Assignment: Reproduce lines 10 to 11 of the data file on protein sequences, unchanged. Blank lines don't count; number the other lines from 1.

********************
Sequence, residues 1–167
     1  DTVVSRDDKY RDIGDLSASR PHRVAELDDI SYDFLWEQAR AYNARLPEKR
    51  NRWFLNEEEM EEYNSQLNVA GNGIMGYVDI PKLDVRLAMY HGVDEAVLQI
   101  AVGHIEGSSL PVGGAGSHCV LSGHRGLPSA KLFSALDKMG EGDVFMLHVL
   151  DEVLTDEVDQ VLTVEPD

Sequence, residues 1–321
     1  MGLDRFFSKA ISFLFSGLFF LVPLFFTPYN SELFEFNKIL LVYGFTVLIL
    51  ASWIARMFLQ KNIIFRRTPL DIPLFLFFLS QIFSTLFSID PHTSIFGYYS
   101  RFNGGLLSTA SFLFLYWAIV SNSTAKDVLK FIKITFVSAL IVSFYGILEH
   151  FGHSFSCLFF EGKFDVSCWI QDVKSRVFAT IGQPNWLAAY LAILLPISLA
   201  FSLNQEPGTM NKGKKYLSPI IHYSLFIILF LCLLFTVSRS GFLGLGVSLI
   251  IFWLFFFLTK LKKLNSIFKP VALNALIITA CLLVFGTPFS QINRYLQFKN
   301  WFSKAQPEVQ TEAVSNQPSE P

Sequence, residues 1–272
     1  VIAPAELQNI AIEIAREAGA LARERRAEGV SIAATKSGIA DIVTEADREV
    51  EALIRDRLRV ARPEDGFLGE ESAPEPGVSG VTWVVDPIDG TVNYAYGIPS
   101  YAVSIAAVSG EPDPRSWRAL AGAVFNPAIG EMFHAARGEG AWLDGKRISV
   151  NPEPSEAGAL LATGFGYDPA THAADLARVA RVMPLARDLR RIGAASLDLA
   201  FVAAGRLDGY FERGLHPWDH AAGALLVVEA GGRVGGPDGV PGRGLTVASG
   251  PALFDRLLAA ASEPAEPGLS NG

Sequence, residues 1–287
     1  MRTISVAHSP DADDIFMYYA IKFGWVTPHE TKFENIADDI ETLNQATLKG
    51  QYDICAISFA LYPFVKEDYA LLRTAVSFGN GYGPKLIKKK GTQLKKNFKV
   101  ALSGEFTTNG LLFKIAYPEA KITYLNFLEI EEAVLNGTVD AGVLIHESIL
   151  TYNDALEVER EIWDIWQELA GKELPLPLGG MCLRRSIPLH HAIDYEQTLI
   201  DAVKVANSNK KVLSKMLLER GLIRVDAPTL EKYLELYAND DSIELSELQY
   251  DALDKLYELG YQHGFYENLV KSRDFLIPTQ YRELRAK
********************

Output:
   151  FGHSFSCLFF EGKFDVSCWI QDVKSRVFAT IGQPNWLAAY LAILLPISLA
   201  FSLNQEPGTM NKGKKYLSPI IHYSLFIILF LCLLFTVSRS GFLGLGVSLI